Tennis down under: The Australian Open as the Grand Slam of Asian Pacific Capital
The 2015 tennis season begins on Monday with the Australian Open. The tournament bills itself as the “Grand Slam of Asia Pacific”; it is also the grand slam of Asian Pacific Capital. Tennis, like most professional sports, is a mix of state and private monies, and showcases not only athletics but capital itself. The investment bank Credit Suisse describes its global brand advisor, Roger Federer, with three words: “Idol. Icon. Investment.” This year, Caroline Woolard and Leigh Claire La Berge will be charting the relationship between ATP tennis players and the companies who sponsor them for our Bell Coin Index. Does stock price correlate to past or future performance? How do endorsement strategies and on-court strategies dovetail and diverge? Will the fact that leading stars of the men’s tour, including Federer and Andy Murray, have started their own management companies transform their games?
Sports figures are commonly mentioned in global tax avoidance schemes through their multi-national earnings and residence. The French Davis cup team lives in Switzerland, Christopher Clarey reported in the New York Times, and Rafael Nadal has been mentioned in tax avoidance schemes in Spain. But so far no active tennis players have been dogged by the insider trading rumors that have trailed golf’s Phil Mickelson. Boris Becker narrowly avoided prison time for tax fraud; Steffi Graf’s father and coach Peter Graf was not so fortunate and went to prison for similar crimes. British sports writer Boris Johnson has suggested that tax rates might account for individual tennis player’s performance — could high British taxation explain some of Andy Murray’s poorer seasons? — but this individual focus doesn’t seem to capture the corporate nature of tennis.
A look around any tennis court will offer images of IT and corporate solutions, investment banks, alcoholic beverages, watches, and cars. The Australian Open counts KIA as its main sponsor, with Rolex, Jacob’s Creek and ANZ playing major supporting roles. IBM is its technology sponsor. Accordingly, the top three seeds will play representing similar sites of capitalization: number 1 seed Novak Djokovic will metonymize Peugeot, Seiko, and Head; second seed Roger Federer represents/is represented by Mercedes, Rolex, Moet and Chandon, Nike, and Credit Suisse (among others); and third seed Rafa Nadal rounds out the commodity spectacle with Kia, Nike, Mapfre, and Richard Mille (among others). The FIRE (finance, insurance, real estate) industry is always courtside.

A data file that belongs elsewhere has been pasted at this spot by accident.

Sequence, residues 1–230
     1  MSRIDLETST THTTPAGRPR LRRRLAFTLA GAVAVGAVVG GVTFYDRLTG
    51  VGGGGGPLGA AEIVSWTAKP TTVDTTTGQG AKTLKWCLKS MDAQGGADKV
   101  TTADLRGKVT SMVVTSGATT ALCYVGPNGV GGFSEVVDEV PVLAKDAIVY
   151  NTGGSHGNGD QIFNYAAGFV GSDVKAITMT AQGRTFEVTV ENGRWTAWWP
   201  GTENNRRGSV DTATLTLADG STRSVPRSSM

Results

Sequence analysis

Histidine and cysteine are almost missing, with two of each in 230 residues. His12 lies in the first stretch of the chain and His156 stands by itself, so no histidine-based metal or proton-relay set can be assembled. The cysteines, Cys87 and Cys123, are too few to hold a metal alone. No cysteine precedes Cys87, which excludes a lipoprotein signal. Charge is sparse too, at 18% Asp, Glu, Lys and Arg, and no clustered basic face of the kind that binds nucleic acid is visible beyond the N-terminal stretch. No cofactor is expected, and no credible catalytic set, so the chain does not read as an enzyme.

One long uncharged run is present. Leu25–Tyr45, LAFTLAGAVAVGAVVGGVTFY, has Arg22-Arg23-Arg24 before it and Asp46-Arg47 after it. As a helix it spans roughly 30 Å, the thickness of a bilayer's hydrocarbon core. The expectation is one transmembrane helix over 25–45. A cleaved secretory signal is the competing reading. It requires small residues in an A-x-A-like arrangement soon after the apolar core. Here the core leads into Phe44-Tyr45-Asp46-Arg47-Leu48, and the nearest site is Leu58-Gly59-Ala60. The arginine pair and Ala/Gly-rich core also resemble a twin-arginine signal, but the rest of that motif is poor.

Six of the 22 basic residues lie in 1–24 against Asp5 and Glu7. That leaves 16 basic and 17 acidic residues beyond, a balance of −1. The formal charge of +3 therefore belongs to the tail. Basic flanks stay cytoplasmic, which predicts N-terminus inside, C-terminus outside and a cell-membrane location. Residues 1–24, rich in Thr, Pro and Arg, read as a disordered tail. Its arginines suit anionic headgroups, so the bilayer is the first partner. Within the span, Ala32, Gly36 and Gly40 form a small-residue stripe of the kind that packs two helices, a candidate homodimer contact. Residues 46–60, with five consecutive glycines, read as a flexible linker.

As many commentators have noted, last year was an exciting one in men’s tennis with the arrival of two new grand slam champions whose sponsors cannot compare with Federer et al in terms of market capitalization: Stan Wawrinka and Marin Cilic. Furthermore, in the two-week, best of five set format, it seems prudent to go with the Blue Chip Big Four: Roger Federer, Novak Dkojovic, Rafael Nadal and Andy Murray. But the pre-tournament focus is on KIA. South Korea’s second largest vehicle manufacturer, Kia is not coming off the best fiscal year — with a relatively flat stock price, slow projected growth and a tepid earnings report. Let’s hope this year’s Australian Open performs better than its major sponsor’s stock!
Tomorrow — breaking down the men’s draw by sponsorship agreement.